Events at Physics
Events on Thursday, November 16th, 2023
- R. G. Herb Condensed Matter Seminar
- Strongly interacting excitons and electrons in atomically thin semiconducting heterostructures
- Time: 10:00 am - 6:00 pm
- Place: 5310 Chamberlin
- Speaker: You Zhou, U Maryland
- Abstract: Heterostructures of atomically thin semiconductors, such as transition metal dichalcogenides (TMDs), have recently emerged as an exciting platform for exploring strongly interacting many-body systems of electrons and excitons. This talk focuses on our recent research investigating strong interactions among excitons and free carriers within these systems, shedding light on their relevance to Mott-Hubbard physics and applications in nonlinear optics and nanophotonics. First, I will discuss how optical pumping in TMD trilayers can induce giant excitonic optical nonlinearity via exciton-hole interactions. I will then describe how we can combine optical pumping and electrostatic gating to independently control the population of excitons and electrons in a TMD moiré system. This approach allows us to probe the intricate phase diagram of a Hubbard model with hybrid Ferionic and Bosonic excitations, leading to the observation of an excitonic Mott insulator. Lastly, I will discuss how one can combine multiple layers of atomically thin excitonic materials to fabricate optical nano-cavities. The emphasis will be on the realization of light-matter interactions that are both chiral and electrically tunable using such cavities, as well as the exploration of intriguing collective emitter states like super- and sub-radiance.
- Host: Ilya Esterlis
- NPAC (Nuclear/Particle/Astro/Cosmo) Forum
- Detecting the highest energy neutrinos...with radar? A new tool in the astroparticle toolbox
- Time: 2:30 pm - 3:30 pm
- Place: Chamberlin 5280 or
- Speaker: Steven Prohira, The University of Kansas
- Abstract: Detection of ultrahigh energy (UHE) neutrinos is key to identifying the most energetic objects and processes in the universe. These are the sources of UHE cosmic rays that have been detected at earth with energies exceeding 1 Joule per nucleon (roughly the kinetic energy of a bird in flight). As UHE cosmic messengers, neutrinos are unparalleled for their ability to travel from their sources to the Earth, interacting only weakly with matter, and therefore able to traverse great distances unimpeded. UHE neutrinos can also provide a powerful handle on physics beyond the standard model. However, their flux decreases significantly with increasing energy. This, coupled with their weak interaction, makes them very challenging to detect at energies above those successfully probed by IceCube. In this talk, I will discuss the extensive experimental work that has been performed to meet these challenges. I will start with a general overview of the experimental landscape, and then focus on our new experimental effort, the Radar Echo Telescope (RET), which uses well-known radar technology to attempt detection of the cascade produced by these UHE neutrinos as they interact in polar ice. I will discuss the theory and storied history of the radar echo method, and recent experimental work including our summer 2023 deployment of a prototype detector. I will conclude with a discussion of the UHE neutrino landscape in the near future, and the exciting possibilities of complementary measurements of the UHE neutrino sky.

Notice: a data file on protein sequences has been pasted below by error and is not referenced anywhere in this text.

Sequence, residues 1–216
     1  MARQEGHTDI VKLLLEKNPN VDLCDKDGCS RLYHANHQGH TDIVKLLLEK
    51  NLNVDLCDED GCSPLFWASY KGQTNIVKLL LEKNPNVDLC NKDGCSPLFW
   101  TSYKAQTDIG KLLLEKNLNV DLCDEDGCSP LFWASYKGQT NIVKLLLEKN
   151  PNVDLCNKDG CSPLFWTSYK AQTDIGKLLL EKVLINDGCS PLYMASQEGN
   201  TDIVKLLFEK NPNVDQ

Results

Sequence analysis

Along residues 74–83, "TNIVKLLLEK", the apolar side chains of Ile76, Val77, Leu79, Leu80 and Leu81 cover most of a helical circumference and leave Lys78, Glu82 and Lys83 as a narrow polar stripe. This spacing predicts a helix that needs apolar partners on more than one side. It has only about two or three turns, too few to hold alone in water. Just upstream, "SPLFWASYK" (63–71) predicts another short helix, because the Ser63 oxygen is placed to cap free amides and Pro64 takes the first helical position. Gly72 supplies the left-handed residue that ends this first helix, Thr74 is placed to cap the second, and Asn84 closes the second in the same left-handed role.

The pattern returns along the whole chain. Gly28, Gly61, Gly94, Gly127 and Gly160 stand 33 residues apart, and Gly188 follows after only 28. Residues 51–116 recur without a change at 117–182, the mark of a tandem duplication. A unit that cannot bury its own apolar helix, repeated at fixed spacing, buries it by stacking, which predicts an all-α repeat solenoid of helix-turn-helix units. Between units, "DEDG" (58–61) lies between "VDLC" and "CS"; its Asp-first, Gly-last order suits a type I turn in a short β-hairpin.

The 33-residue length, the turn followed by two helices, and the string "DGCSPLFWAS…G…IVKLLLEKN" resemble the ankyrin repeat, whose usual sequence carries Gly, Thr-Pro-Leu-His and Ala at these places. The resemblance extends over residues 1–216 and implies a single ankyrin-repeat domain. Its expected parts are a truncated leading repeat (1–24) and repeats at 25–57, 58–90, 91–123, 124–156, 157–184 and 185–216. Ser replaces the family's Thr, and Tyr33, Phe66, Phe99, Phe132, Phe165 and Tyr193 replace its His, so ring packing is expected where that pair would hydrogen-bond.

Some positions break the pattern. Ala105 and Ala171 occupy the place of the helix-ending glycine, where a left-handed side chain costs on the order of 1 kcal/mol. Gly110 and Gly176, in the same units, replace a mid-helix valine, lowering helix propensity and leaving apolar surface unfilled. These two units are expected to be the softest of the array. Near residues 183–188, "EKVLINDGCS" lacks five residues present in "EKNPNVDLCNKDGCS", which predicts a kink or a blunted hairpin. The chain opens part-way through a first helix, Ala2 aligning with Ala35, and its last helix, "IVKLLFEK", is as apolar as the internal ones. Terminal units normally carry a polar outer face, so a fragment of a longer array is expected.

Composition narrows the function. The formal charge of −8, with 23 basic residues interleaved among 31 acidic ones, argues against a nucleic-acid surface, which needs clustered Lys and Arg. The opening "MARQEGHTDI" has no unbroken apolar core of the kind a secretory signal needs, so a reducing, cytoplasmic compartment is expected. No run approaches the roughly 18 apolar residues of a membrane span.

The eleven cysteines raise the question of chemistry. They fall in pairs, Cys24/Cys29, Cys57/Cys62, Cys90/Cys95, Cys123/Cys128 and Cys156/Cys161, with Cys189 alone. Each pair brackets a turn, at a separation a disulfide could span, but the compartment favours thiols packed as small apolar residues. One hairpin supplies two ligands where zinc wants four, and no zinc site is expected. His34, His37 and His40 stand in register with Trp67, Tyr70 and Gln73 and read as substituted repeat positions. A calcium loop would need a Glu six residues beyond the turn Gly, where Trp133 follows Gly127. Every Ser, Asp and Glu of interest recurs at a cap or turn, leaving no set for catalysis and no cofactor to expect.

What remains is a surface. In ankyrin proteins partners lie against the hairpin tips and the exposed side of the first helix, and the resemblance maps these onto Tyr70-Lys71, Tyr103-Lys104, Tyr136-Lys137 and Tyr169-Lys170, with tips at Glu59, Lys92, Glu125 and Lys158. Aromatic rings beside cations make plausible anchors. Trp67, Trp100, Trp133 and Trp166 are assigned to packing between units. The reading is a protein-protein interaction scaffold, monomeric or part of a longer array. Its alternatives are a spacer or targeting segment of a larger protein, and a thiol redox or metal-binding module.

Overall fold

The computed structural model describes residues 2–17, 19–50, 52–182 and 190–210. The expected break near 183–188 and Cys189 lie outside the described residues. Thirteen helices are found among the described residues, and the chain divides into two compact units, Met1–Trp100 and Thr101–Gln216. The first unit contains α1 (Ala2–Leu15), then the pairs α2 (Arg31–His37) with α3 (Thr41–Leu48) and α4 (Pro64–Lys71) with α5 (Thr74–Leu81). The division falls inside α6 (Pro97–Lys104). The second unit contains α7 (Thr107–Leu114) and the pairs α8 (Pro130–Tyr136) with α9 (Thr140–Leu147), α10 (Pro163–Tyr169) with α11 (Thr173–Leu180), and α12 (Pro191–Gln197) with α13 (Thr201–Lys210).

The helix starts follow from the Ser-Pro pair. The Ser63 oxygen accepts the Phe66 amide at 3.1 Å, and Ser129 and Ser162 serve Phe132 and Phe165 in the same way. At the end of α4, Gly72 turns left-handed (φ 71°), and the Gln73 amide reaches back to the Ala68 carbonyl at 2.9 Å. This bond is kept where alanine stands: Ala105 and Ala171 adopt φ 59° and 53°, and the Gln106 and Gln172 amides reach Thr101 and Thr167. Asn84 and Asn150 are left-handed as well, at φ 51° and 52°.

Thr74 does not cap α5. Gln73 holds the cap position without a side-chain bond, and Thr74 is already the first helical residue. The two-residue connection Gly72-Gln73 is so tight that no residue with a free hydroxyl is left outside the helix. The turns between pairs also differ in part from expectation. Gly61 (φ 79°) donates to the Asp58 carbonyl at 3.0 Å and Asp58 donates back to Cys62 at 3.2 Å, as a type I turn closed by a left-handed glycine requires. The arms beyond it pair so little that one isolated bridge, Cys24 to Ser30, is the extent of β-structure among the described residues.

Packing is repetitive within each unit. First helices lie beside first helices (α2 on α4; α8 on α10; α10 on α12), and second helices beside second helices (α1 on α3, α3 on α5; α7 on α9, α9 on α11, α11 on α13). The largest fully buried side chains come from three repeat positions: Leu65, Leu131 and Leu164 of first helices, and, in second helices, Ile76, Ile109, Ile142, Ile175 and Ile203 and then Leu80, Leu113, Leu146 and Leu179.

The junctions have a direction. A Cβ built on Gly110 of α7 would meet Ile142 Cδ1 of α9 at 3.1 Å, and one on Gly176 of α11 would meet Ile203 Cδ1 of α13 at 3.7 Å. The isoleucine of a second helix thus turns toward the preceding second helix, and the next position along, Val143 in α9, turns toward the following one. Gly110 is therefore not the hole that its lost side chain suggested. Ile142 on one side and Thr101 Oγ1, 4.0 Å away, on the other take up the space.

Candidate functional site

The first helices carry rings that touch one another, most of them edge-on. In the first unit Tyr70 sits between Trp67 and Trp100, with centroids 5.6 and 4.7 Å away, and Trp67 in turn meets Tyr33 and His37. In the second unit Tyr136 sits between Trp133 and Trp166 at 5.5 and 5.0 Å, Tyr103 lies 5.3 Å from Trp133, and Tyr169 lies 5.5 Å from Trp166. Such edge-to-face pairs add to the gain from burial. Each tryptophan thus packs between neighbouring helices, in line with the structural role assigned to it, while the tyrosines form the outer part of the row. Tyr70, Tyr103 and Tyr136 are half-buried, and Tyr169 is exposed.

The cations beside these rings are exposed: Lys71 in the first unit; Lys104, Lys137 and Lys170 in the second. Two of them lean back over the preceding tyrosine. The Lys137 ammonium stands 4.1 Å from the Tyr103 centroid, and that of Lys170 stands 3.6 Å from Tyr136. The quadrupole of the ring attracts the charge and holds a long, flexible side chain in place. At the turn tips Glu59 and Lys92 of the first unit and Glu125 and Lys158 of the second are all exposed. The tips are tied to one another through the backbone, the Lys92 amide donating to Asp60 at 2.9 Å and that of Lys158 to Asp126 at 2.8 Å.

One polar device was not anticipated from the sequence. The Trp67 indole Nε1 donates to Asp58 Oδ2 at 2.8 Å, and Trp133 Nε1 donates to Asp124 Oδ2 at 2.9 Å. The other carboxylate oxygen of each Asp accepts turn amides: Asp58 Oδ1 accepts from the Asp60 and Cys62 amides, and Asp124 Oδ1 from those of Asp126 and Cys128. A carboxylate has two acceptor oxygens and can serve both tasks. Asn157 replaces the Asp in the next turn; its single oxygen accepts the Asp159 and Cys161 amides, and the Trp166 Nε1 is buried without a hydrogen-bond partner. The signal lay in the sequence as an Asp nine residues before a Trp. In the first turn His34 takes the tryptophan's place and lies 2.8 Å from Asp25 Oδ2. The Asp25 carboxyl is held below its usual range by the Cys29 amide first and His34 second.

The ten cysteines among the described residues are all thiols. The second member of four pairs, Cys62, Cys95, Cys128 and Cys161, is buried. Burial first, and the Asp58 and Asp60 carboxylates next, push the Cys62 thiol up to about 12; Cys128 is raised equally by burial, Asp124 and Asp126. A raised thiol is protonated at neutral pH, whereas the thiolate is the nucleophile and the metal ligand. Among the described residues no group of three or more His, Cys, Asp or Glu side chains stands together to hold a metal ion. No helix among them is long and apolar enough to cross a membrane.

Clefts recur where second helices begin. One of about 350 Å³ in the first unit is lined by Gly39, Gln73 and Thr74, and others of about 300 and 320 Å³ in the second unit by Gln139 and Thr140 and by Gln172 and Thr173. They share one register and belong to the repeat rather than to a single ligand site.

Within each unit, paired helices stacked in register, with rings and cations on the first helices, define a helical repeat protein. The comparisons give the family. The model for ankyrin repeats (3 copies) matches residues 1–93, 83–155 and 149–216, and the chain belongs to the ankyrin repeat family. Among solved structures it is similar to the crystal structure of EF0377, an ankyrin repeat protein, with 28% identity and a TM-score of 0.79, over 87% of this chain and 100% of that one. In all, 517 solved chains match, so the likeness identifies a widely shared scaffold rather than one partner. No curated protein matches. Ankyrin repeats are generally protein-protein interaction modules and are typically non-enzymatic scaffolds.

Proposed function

- Host: Albrecht Karle
- Astronomy Colloquium
- Dancing with the stars: next generation models of binary star systems
- Time: 3:30 pm - 4:30 pm
- Place: 4421 Sterling Hall
- Speaker: Meng Sun, Northwestern University
- Abstract: Stars serve as the foundational components of astrophysics, with approximately half of them existing in binary systems. Understanding the evolution of these binaries is crucial for understanding mysterious phenomena from the existence of blue straggler stars to the diversity of explosive transients, to black-hole and neutron-star mergers. Modeling these observables needs state-of-the-art modeling of stars and their interactions. An exciting new modeling paradigm is exemplified in POSYDON, a cutting-edge publicly available binary population synthesis code, employs detailed stellar structure and binary simulations from MESA. The code balances both speed and accuracy, providing the best of both worlds and better serving the gravitational wave data analysis. In this presentation, I also delve into how binary stars are modeled in this framework and discuss key mechanisms in developing the new version of POSYDON: wind Roche-lobe overflow and the impact of magnetic braking on angular momentum evolution in binaries.
- Host: Ke Zhang